We will construct a short piece of tube introducing the function pnf_ube_pnf_v() from pnf_cylinder.scad.

Take a look at the following listing and the generated output in the picture below.

```
use <inc/pnf/pnf_cylinder.scad>
fn = 128;
height = 100;
outer_radius = 30;
wall_thickness = 4;
v = tube_pnf_v(
r = outer_radius,
h = height,
wt = wall_thickness, nz = 1, fn = fn);
polyhedron(v[0], v[1], 4);
```

So, what’s so special about this? Why shouldn’t you use the following?

```
linear_extrude(height=height)
difference()
{
circle(r=outer_radius, $fn=fn);
circle(r=outer_radius-wall_thickness, $fn=fn);
}
```

It would produce the same output:

Well, the difference starts, when you want something different. With the usual OpenSCAD functionality it is easy to cut away parts or create more complex structures by putting several simple objects together, but you are always limited to what you get from the basic primitives. You can apply rotate_extrude() on a difference() of 2 circle()s and cut out 1/4 of it to make a 90° bent tube or you can apply rotate_extrude() on a polygon() fed with a bent line created with a for-assignment to create a tube that is narrower in the middle, **but you can’t combine both mutations in one object.**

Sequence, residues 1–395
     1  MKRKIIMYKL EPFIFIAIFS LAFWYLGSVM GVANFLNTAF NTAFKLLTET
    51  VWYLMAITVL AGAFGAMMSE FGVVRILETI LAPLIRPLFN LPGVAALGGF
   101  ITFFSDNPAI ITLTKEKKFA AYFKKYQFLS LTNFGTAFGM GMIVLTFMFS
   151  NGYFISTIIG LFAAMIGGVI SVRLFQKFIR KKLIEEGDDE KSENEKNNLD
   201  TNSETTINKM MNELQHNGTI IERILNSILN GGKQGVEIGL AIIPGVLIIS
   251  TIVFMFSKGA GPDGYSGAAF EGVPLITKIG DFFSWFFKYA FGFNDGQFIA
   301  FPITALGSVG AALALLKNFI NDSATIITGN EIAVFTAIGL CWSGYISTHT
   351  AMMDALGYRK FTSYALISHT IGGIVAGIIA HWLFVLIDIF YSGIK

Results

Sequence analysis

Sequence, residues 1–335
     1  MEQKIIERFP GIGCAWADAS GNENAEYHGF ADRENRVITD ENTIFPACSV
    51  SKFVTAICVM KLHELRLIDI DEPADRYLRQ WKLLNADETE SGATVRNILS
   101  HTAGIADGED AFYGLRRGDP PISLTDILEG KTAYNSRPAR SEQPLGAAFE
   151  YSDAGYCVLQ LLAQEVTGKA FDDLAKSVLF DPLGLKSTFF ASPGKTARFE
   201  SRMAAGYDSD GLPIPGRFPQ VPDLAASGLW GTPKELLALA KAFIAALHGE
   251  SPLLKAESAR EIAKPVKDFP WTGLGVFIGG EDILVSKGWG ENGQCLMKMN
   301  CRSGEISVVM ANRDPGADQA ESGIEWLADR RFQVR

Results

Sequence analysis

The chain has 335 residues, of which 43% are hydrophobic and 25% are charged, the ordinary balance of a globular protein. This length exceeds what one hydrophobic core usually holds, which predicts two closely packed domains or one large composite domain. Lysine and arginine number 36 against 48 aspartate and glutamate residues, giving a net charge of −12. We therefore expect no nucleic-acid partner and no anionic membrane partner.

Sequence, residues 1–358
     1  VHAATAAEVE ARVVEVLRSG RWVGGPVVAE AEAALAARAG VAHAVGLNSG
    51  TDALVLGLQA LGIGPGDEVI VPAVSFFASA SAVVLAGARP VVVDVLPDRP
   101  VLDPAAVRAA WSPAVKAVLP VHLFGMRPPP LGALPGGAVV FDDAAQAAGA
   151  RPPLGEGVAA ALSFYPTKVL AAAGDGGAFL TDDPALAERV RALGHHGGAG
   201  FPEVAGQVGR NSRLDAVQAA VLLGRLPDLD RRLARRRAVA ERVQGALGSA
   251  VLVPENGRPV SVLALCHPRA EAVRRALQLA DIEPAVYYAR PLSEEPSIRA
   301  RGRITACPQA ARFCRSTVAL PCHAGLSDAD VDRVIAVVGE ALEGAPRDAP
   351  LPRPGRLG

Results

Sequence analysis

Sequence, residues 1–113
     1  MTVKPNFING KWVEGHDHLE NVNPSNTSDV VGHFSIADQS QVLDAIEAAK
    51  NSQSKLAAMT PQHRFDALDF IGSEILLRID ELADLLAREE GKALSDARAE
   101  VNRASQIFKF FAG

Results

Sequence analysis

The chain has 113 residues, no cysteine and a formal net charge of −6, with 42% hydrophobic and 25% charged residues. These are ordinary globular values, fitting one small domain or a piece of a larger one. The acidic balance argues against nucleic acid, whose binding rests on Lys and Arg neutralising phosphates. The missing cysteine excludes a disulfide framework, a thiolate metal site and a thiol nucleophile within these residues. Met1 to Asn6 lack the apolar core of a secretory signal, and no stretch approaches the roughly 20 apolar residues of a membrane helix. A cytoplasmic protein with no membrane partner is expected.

```
fn = 128;
outer_radius = 30;
bending_radius = 40;
wall_thickness = 4;
height = 3.1415 * bending_radius / 2;
translate([outer_radius, 0, 0])
rotate([90, 0, 180])
intersection()
{
rotate_extrude($fn = fn, convexity = 4)
translate([bending_radius, 0, 0])
difference()
{
circle(r = outer_radius, $fn = fn);
circle(r = outer_radius-wall_thickness, $fn = fn);
}
translate([0,0,-outer_radius-1])
cube([outer_radius + bending_radius + 1,
outer_radius + bending_radius + 1,
outer_radius * 2 + 2]);
}
```

```
fn = 128;
outer_radius = 30;
narrowing = 10;
wall_thickness = 4;
height = 100;
v = concat(
[ for (y=[0:height/fn*4:height+0.01])
[outer_radius-cos((y-height/2)/height*360)*narrowing,y]],
[ for (y=[height+0.01:-height/fn*4:0])
[outer_radius-wall_thickness-cos((y-height/2)/height*360)*narrowing,y] ]
);
rotate_extrude($fn=fn)
{
polygon(v);
}
```

So how about a bent tube with a narrower middle? Then let’s take a look at the less simple example!